#3: Nikhil - from professional services to CoS

Nikhil is 26 and lives in San Francisco, but sometimes flies to his company’s engineering hub in India. He attended undergrad at UPenn (Wharton). He did a summer internship at BCG and joined them full-time immediately after graduation, where his sector focus was finance. Over the course of 4 years, he went from Associate ($120k) to Consultant ($170k). He began helping out on some BCG Digital Ventures projects and realized he wanted to make the jump to working in-house. 

He reached out to Golden Gate Recruits and eventually found a fit with a hot Series A fintech company as CoS. He took a pay cut to $160k because of his equity upside in the business and his ability to directly drive the business, a distinct change from his prior experience in consulting. He is Level 3 in our framework.

Nikhil prides himself on his ability to land in an unfamiliar situation, orient himself, and execute quickly and effectively. He carries himself like a much older and more seasoned professional, largely due to his professional services experience in front of Fortune 500 CEOs. However, he’s never been responsible for execution before; he used to pass recommendations off to in-house teams. Furthermore, he’s now dealing with the nitty-gritty of corporate functions that his projects didn’t touch, such as HR and IT. 

Nikhil aims to become a venture capitalist one day. He sees the CoS role as a way to meet investors, learn about the inner workings of startups, and hone his operational skills. He hopes to lead his firm through hypergrowth and become an investor on the other side of that. Right now, he’s looking for ways to avoid reinventing the wheel; he talks to other Wharton and BCG alumni to get their take from time to time.

Variants by Company Size

The above version of Nikhil exists at companies from Seed to Series C. There are Nikhil variants at late-stage (Series D to IPO); that version of Nikhil is much the same as above, but earns much more ($220k+), is older (30) and more experienced (probably made Engagement Manager or similar in professional services), and wants to ride a rocketship to IPO.

#4: Mary - from EA to CoS

Mary is 52 and lives in London. She attended the University of St. Andrews, where she studied English. She has had a varied career, working in corporate communications, human resources, and accounts payable, mostly at large companies.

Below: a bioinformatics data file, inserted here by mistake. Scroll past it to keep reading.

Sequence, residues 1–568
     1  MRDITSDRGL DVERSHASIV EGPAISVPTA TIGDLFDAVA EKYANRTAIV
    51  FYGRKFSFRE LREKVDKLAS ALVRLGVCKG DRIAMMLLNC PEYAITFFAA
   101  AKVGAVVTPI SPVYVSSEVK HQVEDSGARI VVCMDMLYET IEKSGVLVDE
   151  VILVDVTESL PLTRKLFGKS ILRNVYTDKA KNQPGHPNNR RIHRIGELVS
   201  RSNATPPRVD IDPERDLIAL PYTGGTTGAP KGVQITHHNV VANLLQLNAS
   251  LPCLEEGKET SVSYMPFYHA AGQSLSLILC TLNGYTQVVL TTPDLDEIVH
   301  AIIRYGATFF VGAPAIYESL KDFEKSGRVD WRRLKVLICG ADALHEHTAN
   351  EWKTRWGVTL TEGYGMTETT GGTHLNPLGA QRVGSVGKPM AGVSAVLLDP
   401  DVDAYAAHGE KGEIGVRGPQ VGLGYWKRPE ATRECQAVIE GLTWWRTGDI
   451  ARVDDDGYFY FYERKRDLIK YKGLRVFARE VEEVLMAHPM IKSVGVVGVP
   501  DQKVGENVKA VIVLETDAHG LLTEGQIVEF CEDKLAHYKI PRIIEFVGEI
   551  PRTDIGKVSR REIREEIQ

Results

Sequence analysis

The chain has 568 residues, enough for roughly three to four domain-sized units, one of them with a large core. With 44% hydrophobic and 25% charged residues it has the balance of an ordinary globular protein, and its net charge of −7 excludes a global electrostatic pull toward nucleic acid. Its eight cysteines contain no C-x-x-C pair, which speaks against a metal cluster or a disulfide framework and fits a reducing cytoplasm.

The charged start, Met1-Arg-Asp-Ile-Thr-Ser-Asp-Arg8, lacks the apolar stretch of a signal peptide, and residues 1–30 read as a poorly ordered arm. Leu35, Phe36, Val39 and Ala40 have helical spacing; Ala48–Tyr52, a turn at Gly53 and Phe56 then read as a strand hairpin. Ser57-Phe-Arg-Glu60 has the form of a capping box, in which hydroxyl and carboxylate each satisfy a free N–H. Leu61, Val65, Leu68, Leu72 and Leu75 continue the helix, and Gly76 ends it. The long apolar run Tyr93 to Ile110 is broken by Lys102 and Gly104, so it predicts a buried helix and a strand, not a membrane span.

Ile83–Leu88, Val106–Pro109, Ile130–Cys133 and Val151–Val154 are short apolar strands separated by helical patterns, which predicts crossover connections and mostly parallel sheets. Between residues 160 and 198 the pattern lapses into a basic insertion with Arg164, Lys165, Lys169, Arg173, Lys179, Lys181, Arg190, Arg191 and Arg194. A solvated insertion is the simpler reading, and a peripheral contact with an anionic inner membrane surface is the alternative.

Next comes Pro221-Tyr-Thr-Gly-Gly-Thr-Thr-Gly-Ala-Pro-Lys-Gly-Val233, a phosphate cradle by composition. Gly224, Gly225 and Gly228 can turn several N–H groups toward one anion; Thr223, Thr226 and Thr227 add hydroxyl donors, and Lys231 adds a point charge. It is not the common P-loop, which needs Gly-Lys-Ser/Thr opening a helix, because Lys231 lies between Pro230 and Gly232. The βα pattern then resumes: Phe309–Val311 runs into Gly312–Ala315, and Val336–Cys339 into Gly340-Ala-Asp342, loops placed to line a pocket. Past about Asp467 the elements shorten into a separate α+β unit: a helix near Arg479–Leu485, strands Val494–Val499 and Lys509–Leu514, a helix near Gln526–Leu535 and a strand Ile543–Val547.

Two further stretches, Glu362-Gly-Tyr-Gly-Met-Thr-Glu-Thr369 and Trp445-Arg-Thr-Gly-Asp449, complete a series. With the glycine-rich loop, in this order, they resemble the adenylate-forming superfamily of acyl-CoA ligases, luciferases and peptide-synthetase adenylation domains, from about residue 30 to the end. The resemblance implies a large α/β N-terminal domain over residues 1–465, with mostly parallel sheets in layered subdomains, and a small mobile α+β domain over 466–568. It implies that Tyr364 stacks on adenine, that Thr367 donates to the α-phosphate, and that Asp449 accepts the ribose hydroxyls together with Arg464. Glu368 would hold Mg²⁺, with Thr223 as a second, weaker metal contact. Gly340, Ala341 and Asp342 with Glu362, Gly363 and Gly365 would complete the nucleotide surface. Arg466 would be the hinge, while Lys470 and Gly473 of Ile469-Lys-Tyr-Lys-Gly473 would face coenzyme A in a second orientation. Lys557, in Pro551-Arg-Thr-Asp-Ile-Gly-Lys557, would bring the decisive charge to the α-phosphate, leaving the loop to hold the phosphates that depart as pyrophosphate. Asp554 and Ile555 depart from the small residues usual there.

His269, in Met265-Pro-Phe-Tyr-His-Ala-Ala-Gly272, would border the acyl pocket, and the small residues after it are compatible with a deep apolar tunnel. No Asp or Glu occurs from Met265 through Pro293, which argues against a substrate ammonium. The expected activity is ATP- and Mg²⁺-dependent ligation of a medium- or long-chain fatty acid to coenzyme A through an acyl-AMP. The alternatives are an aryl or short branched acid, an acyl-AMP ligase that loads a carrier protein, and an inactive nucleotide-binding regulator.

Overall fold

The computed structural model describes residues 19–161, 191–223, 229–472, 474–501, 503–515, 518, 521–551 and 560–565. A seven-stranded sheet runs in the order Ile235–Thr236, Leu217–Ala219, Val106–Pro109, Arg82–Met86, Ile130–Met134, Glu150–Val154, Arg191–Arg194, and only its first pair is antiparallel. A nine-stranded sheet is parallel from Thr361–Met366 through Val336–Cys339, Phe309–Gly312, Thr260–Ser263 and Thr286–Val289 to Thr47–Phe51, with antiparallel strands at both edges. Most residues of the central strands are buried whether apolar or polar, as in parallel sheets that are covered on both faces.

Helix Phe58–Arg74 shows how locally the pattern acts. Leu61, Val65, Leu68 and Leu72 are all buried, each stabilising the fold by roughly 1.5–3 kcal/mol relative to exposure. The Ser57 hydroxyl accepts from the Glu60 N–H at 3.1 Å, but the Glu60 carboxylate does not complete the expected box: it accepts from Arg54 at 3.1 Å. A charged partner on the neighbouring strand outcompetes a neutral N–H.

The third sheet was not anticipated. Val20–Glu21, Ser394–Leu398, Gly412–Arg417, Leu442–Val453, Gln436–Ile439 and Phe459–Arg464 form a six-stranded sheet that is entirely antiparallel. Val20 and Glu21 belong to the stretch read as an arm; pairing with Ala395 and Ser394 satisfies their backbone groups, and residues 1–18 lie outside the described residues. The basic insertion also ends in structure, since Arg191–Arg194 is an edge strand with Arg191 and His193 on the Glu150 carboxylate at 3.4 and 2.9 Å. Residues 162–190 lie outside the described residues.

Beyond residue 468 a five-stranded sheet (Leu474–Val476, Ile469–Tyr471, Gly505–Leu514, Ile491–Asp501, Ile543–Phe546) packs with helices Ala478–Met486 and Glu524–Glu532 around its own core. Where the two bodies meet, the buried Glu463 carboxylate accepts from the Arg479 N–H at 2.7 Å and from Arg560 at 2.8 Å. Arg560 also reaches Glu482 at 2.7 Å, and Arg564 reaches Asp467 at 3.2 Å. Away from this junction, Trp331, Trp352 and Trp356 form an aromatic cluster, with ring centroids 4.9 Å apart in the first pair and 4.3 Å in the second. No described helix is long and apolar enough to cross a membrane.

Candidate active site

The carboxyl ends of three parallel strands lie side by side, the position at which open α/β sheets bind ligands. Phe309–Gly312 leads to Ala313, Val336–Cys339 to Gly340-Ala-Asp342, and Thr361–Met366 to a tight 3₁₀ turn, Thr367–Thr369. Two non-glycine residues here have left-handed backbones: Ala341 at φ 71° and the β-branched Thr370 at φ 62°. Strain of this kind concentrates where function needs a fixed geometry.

Most recently, she was the Executive Assistant and then Sr. Executive Business Partner to the CEO of a family-owned non-tech business, who she had served for 13 years with ever-increasing responsibilities but few changes in title. 

When the CEO stepped down to retire and start a family office, he asked her to become his Chief of Staff (a title he heard from another UHNW family) and help manage the office. Her pay is £85k.

Mary has struggled to know her worth but is finally coming into her own with this new title. She’s looking to understand appropriate levels of pay, expected responsibilities, and how to hold her own with executives as a peer, rather than being subordinate to them. Mary is a Level 3-4 CoS.

Mary expects to stay with her principal for many years to come, but wants to establish more of a reputation for herself apart from her principal. She wants to write blog posts, speak on podcasts, and otherwise build up her personal brand. Ann Hiatt (fmr. Exec Business Partner to Jeff Bezos and Eric Schmidt) is one of her heroes. 

Variants by Age

The Mary persona is the hardest to pin down by CoS Level. The persona can have a significant executive-level impact or be relegated to calendaring and expense management. Often this correlates to age. A younger, less experienced version of Mary might be Level 1 whereas Mary might get up to Level 4-5 with experience.

Conclusion

These are the most common personas of Chief of Staff that we encounter, along with some typical variants. If you’re feeling imposter syndrome about the CoS role, hopefully this post helps you overcome that! And if you’re curious about what Chiefs of Staff do after they leave the role, check out our Pathways Report here, which lays out the most common career paths for graduated CoS.

Where do Chiefs of Staff Come From? Unveiling 4 Common Personas